This is Bingo.
Uh. . . Where does it say B-I-N-G-O? Nowhere, apparently. The numbers 1-90 are just called out and you cross them off as you come to them. Apparently, Old McDonald doesn’t have a farm in England. Either that or he just doesn’t have a dog named Bingo. We played “full-house” bingo, where you had to have every number crossed off to win. Normally I love bingo, but this seemed, in my eyes a bit flat, because you can’t make the standard “B-4 WHAT?” joke when you play.
All printer paper and notebooks are just slightly longer and slimmer in England than U.S. printer paper. Makes sense, when you think about the fact that they don’t use the same measuring system, but it completely threw me. One of the first things we did when we arrived was pick up a packet of information about the university from the study abroad office on campus—things you should probably pay attention to. But when I opened the folder and took out one of the sheets of paper, I was so distracted that I missed half of the guy’s speech. As I held it in my hand, it just felt wrong. I flipped it over and fluttered it up and down in investigation until I realized what it was that was putting me off. It’s only maybe half an inch longer, but it’s enough to notice the length and balance of it when held in your hand.
(Excessive?) Fire Safety
Okay, I know that London has a history of bad fires, and I don’t mean to sound like I’m complaining because I appreciate their concern with our safety and all, but, when I first arrived, I was a bit overwhelmed by all the fire safety measures. At the end of every hall in the dorms are these fire extinguishers—two larger ones filled with water, and then one smaller one with CO2. Almost every door within a building has a small plaque with a blue circle in the center that says: “Fire door keep shut.” I’ve seen this occasionally written on doors in the U.S. of course—mostly in apartment buildings—but almost every door in every building of the entire university seems to carry the pledge. One of the first things we attended when our study abroad group arrived was a safety talk for living in the dorms— respective universities around the U.S. and a few of us were talking about how we had candles in our dorms even though they weren’t technically allowed. But during the talk they were so serious about fire safety that we all decided that we were definitely not going to have candles in our dorms.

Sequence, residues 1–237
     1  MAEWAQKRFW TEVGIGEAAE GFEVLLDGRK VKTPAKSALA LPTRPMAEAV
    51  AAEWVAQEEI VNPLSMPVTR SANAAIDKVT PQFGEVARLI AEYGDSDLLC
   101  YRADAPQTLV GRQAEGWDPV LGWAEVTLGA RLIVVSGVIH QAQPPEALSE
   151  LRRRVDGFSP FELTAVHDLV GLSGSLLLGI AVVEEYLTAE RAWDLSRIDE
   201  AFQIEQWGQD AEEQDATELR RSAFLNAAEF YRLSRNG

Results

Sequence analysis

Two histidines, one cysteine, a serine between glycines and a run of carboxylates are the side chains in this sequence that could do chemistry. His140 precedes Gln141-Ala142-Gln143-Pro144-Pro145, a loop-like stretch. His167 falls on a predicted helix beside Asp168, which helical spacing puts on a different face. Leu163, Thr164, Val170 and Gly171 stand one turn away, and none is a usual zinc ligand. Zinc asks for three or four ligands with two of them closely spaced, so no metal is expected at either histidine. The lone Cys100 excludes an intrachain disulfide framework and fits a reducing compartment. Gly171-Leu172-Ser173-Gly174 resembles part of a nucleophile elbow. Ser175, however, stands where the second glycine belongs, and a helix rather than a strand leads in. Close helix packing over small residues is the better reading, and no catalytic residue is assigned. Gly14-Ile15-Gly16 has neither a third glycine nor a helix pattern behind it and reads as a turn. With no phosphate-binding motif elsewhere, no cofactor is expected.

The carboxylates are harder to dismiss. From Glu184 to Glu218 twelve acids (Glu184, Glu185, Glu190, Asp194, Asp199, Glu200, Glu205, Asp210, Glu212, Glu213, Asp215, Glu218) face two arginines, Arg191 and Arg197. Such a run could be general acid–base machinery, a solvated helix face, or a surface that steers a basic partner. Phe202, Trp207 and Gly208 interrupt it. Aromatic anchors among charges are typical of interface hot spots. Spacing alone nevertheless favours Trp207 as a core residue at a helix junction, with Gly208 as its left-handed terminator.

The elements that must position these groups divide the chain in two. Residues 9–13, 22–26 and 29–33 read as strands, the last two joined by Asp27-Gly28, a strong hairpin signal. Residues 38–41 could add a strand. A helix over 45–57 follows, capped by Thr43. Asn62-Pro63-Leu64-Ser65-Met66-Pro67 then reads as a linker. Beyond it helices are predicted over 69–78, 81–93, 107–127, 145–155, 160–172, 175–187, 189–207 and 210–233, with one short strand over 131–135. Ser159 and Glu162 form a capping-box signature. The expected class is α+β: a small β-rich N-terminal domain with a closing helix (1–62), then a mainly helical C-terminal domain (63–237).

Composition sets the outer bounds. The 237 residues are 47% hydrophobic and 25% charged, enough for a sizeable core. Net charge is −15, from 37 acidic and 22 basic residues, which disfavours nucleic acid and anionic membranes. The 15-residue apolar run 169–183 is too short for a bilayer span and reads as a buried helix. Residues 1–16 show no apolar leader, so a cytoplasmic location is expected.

All in all, though, these changes are slight but the biggest thing I’ve come to realize is that these small things really can add up and become overwhelming if you’re not careful. The more you can think about them as exciting and interesting, rather than weird or strange, the more successful your experience abroad will be.
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